And what about the changes in both company cultures? Not a problem, according to the press release: “This combination brings together two of the most talented teams in the industry. Together, they will combine their innovative ideas and service commitment to deliver unforgettable guest experiences.” Again, allow me to translate: “We will send them a copy of our procedural manuals.” 

Let me be very clear here: I’m not Marriott bashing, I’m M&A process bashing. It’s a long, tough path but when all is said and done, Marriott will have significantly expanded its global footprint and will leverage and grow the lifestyle brands that Starwood brings to the table.  Marriott will continue to march toward management deals and away from direct property ownership. “Marriott expects Starwood to continue its capital recycling program, generating an estimated $1.5 to $2.0 billion of after-tax proceeds from the sale of owned hotels over the next two years. The hotels are expected to be sold subject to long-term operating agreements.” Will the stakeholder/investors applaud the deal? You tell me: “In 2015, Marriott expects to return at least $2.25 billion in dividends and share repurchases to shareholders. Marriott believes it can return at least as much in the first year following the merger.”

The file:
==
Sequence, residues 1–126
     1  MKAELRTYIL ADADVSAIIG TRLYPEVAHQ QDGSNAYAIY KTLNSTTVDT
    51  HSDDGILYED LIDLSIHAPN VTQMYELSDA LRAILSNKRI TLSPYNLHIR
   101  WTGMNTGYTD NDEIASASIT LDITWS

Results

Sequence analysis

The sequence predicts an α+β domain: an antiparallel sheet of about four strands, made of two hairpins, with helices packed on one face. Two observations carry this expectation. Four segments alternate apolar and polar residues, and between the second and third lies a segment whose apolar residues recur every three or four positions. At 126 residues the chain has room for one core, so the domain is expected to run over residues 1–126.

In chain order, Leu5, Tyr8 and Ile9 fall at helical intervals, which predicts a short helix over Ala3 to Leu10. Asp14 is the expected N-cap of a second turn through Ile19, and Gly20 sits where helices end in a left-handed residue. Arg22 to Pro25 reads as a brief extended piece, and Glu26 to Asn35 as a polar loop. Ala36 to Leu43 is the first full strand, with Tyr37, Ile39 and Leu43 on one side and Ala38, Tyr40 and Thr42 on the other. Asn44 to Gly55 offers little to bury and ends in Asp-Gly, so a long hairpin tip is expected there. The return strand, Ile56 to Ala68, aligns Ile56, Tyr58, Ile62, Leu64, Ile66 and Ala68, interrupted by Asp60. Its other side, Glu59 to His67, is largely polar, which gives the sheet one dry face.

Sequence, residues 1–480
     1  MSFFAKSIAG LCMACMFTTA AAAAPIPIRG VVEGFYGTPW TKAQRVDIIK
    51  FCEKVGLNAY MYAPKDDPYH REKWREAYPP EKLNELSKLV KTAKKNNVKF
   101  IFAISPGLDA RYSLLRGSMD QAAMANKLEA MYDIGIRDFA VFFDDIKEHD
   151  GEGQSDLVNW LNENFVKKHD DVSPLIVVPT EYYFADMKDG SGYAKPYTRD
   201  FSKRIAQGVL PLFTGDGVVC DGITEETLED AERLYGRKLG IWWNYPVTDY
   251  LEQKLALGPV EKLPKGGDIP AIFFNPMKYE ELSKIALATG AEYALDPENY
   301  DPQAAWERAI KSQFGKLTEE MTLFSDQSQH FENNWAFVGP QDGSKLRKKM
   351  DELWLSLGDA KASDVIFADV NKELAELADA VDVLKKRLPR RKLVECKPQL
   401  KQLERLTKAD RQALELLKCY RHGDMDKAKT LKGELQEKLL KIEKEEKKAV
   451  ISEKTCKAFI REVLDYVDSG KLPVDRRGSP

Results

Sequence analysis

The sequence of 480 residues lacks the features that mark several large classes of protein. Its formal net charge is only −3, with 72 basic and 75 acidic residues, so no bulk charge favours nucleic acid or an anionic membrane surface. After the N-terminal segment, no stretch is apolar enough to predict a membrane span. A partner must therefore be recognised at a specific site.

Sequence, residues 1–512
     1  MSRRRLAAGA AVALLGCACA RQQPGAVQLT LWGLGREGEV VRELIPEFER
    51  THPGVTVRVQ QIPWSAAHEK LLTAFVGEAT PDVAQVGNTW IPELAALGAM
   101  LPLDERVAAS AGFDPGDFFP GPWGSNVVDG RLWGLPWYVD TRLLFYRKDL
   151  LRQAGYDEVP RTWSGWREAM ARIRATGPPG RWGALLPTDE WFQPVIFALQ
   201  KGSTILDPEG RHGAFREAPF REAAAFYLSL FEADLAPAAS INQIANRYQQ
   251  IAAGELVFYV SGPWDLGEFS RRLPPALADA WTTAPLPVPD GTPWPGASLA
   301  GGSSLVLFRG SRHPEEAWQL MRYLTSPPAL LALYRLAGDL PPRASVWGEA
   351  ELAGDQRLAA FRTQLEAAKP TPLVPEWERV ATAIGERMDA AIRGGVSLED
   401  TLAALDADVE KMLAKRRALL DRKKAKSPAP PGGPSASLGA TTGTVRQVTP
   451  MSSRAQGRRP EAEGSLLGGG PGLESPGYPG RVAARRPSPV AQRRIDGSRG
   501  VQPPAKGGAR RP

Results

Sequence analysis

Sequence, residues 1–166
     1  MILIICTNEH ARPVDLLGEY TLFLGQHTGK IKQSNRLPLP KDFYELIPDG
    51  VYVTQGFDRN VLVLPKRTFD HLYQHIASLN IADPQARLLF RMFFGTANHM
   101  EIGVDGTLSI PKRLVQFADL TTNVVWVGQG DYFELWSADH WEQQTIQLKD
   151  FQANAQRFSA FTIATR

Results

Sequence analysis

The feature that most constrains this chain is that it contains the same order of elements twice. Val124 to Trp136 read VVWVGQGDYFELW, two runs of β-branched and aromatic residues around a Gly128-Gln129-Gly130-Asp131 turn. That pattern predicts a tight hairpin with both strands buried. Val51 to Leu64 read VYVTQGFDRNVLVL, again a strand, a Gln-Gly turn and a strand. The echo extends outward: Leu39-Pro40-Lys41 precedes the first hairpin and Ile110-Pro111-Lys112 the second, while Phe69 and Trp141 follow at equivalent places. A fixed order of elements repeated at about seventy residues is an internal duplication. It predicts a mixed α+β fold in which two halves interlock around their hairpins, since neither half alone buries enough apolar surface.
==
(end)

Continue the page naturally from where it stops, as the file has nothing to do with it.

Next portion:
But what will really really happen? Nuances will be lost in translation. People will quit or be fired, retired or released over changes they didn’t foresee or can’t adapt to. The guests who loved things just the way they were will probably feel the great disturbance in the Force the most acutely. They will look back nostalgically to the time when Starwood was Starwood, much as I like to remember a time when air travel was fun. And to quote the ancient Romans, this too shall pass.